(Abridged) New full sky temperature and polarization maps based on seven years of data from WMAP are presented. The new results are consistent with previous results, but have improved due to reduced noise from the additional integration time, improved knowledge of the instrument performance, and improved data analysis procedures. The improvements are described in detail. The seven year data set is well fit by a minimal six-parameter flat Lambda-CDM model. The parameters for this model, using the WMAP data in conjunction with baryon acoustic oscillation data from the Sloan Digital Sky Survey and priors on H_0 from Hubble Space Telescope observations, are: Omega_bh2 = 0.02260 +-0.00053, Omega_ch2 = 0.1123 +-0.0035, Omega_Lambda = 0.728 +0.015 -0.016, n_s = 0.963 +-0.012, tau = 0.087 +-0.014 and sigma_8 = 0.809 +-0.024 (68 % CL uncertainties). The temperature power spectrum signal-to-noise ratio per multipole is greater that unity for multipoles < 919, allowing a robust measurement of the third acoustic peak. This measurement results in improved constraints on the matter density, Omega_mh2 = 0.1334 +0.0056 -0.0055, and the epoch of matter- radiation equality, z_eq = 3196 +134 -133, using WMAP data alone. The new WMAP data, when combined with smaller angular scale microwave background anisotropy data, results in a 3 sigma detection of the abundance of primordial Helium, Y_He = 0.326 +-0.075.The power-law index of the primordial power spectrum is now determined to be n_s = 0.963 +-0.012, excluding the Harrison-Zel'dovich-Peebles spectrum by >3 sigma. These new WMAP measurements provide important tests of Big Bang cosmology.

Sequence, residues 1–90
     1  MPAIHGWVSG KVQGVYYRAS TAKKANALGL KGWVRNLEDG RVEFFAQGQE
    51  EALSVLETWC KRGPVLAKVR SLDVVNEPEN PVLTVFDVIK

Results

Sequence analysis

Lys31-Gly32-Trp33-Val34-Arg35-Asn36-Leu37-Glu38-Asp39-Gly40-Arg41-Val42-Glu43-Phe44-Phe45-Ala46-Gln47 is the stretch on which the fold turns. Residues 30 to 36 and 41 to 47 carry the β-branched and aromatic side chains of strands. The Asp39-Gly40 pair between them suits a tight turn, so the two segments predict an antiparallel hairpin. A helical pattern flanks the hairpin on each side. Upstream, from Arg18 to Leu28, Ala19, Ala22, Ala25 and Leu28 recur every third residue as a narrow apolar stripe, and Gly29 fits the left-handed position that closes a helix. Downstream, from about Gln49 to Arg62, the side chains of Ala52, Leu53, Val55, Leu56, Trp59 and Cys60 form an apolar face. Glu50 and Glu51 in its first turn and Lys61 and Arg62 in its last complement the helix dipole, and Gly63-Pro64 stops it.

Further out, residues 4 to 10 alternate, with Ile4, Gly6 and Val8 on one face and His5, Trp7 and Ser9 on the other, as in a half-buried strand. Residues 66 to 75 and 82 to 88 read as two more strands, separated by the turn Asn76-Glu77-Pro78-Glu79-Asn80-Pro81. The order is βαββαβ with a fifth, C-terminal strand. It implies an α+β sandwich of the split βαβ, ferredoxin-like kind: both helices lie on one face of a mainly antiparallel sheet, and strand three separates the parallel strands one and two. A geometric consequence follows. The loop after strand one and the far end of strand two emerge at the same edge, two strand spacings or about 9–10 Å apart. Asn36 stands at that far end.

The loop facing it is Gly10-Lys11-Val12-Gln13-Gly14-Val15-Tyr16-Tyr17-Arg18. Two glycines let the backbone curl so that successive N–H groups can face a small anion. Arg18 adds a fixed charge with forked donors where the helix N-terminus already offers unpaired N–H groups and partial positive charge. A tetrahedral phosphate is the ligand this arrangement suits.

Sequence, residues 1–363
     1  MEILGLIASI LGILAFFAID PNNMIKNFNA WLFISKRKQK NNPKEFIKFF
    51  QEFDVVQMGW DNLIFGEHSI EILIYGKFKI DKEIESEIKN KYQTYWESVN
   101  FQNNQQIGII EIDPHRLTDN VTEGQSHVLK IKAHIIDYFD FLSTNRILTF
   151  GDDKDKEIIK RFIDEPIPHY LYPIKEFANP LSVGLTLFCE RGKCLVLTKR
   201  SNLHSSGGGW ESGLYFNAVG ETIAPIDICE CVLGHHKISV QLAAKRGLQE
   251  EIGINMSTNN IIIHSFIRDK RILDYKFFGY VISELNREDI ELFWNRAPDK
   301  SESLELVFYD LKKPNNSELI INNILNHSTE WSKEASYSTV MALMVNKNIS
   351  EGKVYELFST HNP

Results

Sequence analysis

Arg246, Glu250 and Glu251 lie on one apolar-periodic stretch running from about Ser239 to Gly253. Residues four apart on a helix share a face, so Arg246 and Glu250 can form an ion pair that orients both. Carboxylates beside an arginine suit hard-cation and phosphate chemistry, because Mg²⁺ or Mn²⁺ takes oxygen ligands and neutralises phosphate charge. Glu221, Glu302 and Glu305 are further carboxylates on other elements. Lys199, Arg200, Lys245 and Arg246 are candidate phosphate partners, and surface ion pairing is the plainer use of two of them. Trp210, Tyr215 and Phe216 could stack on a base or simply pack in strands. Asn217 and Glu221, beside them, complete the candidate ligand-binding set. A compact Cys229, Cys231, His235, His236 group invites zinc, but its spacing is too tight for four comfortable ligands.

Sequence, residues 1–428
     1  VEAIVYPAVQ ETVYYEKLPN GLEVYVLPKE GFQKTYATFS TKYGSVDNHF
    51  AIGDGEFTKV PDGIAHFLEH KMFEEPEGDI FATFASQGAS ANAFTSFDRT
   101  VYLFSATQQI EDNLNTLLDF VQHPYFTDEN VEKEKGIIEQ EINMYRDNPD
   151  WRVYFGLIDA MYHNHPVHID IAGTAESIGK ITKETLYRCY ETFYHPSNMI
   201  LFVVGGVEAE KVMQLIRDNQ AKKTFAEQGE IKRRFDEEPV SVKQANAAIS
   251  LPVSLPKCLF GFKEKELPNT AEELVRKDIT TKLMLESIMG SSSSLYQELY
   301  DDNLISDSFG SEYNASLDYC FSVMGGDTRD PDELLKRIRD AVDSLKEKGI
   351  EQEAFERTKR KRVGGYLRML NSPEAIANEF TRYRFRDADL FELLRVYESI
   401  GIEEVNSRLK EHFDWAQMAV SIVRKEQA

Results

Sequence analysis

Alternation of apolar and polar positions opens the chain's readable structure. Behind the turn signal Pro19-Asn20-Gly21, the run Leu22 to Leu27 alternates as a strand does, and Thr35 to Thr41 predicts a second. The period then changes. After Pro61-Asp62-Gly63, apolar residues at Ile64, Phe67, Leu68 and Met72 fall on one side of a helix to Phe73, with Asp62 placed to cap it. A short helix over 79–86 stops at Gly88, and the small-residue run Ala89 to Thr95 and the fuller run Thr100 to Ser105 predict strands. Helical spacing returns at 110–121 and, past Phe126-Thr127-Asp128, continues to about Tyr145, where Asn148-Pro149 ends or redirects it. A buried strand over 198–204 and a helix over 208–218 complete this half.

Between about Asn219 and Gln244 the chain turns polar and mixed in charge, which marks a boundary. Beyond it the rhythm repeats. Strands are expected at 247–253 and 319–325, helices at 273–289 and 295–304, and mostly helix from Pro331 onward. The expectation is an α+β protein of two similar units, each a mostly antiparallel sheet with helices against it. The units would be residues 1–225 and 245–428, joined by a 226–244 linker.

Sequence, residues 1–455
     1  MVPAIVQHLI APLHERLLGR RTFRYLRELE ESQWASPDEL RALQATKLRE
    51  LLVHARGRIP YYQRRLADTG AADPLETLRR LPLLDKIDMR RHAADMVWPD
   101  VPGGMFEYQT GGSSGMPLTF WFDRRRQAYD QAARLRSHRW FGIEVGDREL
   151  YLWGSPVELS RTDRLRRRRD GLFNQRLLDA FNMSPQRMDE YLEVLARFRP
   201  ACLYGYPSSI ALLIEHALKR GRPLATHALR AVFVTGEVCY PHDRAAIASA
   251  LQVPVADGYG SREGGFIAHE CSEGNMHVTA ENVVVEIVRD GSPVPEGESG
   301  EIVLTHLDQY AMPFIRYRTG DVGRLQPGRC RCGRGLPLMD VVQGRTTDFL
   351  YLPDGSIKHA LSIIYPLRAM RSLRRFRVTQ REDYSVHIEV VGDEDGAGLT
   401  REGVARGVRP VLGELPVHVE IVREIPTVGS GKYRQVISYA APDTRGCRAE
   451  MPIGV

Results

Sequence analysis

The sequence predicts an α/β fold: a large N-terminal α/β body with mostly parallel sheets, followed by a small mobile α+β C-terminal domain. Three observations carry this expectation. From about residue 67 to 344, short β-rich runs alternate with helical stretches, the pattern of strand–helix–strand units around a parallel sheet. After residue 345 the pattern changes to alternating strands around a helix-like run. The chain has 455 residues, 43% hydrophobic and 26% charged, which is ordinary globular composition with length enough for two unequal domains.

\\ ( http://arxiv.org/abs/1001.4744 ,  1168kb)

Are There Cosmic Microwave Background Anomalies?
  A simple six-parameter LCDM model provides a successful fit to WMAP data, both when the data are analyzed alone and in combination with other cosmological data. Even so, it is appropriate to search for any hints of deviations from the now standard model of cosmology, which includes inflation, dark energy, dark matter, baryons, and neutrinos. The cosmological community has subjected the WMAP data to extensive and varied analyses. While there is widespread agreement as to the overall success of the six-parameter LCDM model, various "anomalies" have been reported relative to that model. In this paper we examine potential anomalies and present analyses and assessments of their significance. In most cases we find that claimed anomalies depend on posterior selection of some aspect or subset of the data. Compared with sky simulations based on the best fit model, one can select for low probability features of the WMAP data. Low probability features are expected, but it is not usually straightforward to determine whether any particular low probability feature is the result of the a posteriori selection or of non-standard cosmology. We examine in detail the properties of the power spectrum with respect to the LCDM model. We examine several potential or previously claimed anomalies in the sky maps and power spectra, including cold spots, low quadrupole power, quadropole-octupole alignment, hemispherical or dipole power asymmetry, and
quadrupole power asymmetry. We conclude that there is no compelling evidence for deviations from the LCDM model, which is generally an acceptable statistical fit to WMAP and other cosmological data. \\ ( http://arxiv.org/abs/1001.4758 ,  407kb)